UK's cost-of-living crisis impacts winter holiday plans for half of Brits
In the face of a mounting cost-of-living crisis, 47% of Brits are being forced to reassess and, in many cases, cancel their winter holiday plans. According to an exclusive poll conducted by Redfield & Wilton Strategies for MailOnline, a staggering 44% of respondents have decided to forego holiday travel in the next three months, and nearly half of them attribute this decision to the financial pressures they are experiencing.
The research results reveal that even those who are still committed to their holiday plans have had to make significant adjustments due to the challenging economic climate. A substantial 59% of these individuals reported altering their arrangements to accommodate the economic realities.
This bleak scenario underscores the ongoing hardship experienced by everyday Britons as inflation soars and taxes continue to rise. A series of global crises, including the Covid pandemic, the ongoing Ukraine conflict, and the Israel crisis, have all contributed to the distress, placing added strain on the government's efforts to stabilize public finances.
The poll, conducted on October 19th, inquired about holiday plans for the remainder of the year. It found that 25% of respondents were planning to travel abroad, while 23% were considering breaks within the UK. A fortunate 9% were contemplating both options. Regrettably, 44% confirmed that they had no prospects of a holiday this winter.
Of those who reluctantly abandoned their travel plans, 47% stated that they would have otherwise gone on holiday were it not for the cost-of-living crisis. Even among those who are determined to proceed with their travel plans, a significant 59% admitted that the economic squeeze had necessitated modifications to their holiday arrangements.
The government's Office for Budget Responsibility (OBR) has issued warnings that the nation is currently grappling with one of the most significant declines in living standards in decades. This alarming situation is primarily attributed to rising prices that erode incomes. Recent data indicates that regular wage increases have only recently surpassed inflation levels, marking the first time this has occurred in nearly two years.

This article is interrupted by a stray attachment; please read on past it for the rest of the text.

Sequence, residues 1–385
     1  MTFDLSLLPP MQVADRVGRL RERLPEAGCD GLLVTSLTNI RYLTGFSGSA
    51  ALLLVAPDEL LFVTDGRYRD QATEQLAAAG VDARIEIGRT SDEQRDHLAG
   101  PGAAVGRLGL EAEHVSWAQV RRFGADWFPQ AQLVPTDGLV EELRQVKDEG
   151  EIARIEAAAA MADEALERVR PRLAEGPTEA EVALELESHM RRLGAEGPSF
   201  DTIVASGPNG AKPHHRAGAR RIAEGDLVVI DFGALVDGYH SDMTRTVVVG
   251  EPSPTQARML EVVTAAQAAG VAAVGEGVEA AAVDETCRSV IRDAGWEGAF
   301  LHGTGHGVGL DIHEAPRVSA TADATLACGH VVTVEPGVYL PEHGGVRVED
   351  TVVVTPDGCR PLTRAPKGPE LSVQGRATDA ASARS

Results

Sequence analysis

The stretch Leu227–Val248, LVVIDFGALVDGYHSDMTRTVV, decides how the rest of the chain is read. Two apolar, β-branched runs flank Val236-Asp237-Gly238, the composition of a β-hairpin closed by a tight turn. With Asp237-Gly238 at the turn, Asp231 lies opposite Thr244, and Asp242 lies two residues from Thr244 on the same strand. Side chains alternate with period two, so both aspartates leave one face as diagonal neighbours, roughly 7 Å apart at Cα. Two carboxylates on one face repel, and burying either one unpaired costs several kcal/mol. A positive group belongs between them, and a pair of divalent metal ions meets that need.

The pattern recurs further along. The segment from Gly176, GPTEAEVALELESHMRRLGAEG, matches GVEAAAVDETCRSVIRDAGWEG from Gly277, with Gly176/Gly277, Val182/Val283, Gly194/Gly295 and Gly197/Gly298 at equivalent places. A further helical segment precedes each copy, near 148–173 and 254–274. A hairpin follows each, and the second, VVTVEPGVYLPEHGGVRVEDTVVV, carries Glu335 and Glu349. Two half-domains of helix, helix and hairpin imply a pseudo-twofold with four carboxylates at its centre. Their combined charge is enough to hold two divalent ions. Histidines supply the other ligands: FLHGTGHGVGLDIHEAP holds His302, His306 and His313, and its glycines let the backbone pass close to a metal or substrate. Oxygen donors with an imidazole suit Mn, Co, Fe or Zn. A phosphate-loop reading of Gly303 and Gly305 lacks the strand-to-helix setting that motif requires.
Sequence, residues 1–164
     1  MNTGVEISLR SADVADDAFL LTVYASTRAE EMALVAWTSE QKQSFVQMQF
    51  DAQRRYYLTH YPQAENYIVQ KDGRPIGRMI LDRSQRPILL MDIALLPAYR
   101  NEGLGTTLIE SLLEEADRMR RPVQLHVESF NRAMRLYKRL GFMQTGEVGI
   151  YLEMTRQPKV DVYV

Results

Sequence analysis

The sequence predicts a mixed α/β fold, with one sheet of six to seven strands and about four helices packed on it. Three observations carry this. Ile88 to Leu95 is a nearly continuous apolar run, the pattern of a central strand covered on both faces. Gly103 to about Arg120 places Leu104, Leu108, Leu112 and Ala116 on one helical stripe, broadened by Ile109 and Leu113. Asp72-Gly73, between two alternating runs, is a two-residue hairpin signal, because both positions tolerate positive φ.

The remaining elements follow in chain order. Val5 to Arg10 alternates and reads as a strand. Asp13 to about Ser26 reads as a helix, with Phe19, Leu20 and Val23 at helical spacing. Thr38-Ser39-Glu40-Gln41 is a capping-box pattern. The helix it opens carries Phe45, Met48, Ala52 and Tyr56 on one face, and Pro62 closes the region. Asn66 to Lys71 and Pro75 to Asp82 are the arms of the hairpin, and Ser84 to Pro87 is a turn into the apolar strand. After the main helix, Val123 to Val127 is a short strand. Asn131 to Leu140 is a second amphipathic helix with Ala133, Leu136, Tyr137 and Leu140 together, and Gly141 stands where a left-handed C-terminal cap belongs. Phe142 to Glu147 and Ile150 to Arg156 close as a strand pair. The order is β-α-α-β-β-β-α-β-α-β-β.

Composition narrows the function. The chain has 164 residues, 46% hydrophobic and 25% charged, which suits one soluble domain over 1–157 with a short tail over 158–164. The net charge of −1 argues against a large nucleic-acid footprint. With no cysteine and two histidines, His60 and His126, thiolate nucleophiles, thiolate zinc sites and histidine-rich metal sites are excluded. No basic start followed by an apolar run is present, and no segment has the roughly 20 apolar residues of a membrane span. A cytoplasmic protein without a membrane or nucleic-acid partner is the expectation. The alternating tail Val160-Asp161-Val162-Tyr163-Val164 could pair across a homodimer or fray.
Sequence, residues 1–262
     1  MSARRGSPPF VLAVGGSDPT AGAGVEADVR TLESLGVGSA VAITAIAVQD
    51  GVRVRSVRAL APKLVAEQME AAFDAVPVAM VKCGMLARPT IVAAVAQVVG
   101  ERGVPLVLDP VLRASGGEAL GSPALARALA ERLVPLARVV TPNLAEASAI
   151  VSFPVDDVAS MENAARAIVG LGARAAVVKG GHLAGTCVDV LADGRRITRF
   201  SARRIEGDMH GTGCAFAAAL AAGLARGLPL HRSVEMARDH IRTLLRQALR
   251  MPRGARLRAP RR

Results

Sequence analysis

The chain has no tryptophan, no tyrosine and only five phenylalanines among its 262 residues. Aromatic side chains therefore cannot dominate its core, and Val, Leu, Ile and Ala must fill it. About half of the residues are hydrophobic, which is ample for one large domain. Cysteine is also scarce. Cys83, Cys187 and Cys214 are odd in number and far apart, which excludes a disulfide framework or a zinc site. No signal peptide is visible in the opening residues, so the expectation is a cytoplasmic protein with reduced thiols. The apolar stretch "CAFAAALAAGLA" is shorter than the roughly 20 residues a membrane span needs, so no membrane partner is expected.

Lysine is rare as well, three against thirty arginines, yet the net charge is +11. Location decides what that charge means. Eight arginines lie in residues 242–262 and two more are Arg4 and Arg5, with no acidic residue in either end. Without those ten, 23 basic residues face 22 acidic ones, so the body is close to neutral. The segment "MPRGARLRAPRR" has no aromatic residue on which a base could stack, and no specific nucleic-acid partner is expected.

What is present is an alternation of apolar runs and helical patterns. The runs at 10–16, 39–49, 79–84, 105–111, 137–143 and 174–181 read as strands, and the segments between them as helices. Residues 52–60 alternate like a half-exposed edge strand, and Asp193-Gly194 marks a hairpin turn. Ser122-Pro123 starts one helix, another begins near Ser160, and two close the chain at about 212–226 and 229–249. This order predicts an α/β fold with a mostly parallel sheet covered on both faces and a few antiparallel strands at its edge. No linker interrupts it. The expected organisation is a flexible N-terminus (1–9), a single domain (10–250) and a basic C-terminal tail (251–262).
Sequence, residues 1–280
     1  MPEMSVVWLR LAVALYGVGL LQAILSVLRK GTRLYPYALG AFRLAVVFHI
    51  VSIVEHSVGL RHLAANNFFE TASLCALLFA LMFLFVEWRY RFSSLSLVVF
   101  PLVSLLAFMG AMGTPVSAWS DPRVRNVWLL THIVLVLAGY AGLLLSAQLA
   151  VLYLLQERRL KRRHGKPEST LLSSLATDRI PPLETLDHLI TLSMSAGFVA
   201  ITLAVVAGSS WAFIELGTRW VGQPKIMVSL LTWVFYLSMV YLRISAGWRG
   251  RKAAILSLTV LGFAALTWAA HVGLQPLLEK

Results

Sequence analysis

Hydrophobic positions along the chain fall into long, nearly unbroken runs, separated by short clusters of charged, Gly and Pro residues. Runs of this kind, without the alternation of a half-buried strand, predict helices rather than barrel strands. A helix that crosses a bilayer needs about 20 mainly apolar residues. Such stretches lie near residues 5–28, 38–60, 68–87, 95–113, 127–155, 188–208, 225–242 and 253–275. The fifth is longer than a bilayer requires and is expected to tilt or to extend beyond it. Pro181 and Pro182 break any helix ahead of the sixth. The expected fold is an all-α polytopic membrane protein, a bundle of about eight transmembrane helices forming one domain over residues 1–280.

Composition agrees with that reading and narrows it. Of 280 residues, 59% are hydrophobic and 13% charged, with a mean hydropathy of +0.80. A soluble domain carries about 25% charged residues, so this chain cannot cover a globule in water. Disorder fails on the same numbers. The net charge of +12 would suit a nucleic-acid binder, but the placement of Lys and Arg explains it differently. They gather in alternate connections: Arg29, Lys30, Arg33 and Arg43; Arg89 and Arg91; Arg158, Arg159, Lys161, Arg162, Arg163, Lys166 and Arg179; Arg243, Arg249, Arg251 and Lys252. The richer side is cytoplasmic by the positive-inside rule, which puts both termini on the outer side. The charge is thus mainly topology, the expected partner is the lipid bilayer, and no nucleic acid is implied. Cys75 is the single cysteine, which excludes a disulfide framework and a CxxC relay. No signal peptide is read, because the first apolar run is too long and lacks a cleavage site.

44% are not planning on going away over the next three months. Numbers do not add to 100% due to rounding
Calls from members of the Conservative Party have been mounting for Rishi Sunak to reduce taxes in order to alleviate the financial burden on citizens. These calls have grown more insistent following the party's recent double by-election defeat last week. Nevertheless, Sunak, who was travelling in the Middle East when the election results were announced, has vowed to prioritize the reduction of inflation and the management of the UK's post-Covid debt burden.
Chancellor Jeremy Hunt, in the wake of public sector borrowing figures that were lower than expected in September and £20 billion below OBR's earlier projections, has also rejected calls for significant cuts in the upcoming Autumn Statement. However, there are murmurs about the possibility of raising the threshold for paying the 40% higher rate of income tax in the upcoming Spring Budget.
This poll, conducted by Redfield & Wilton Strategies, involved 1,500 eligible voters on October 19th and the results have been weighted to accurately represent the broader population.
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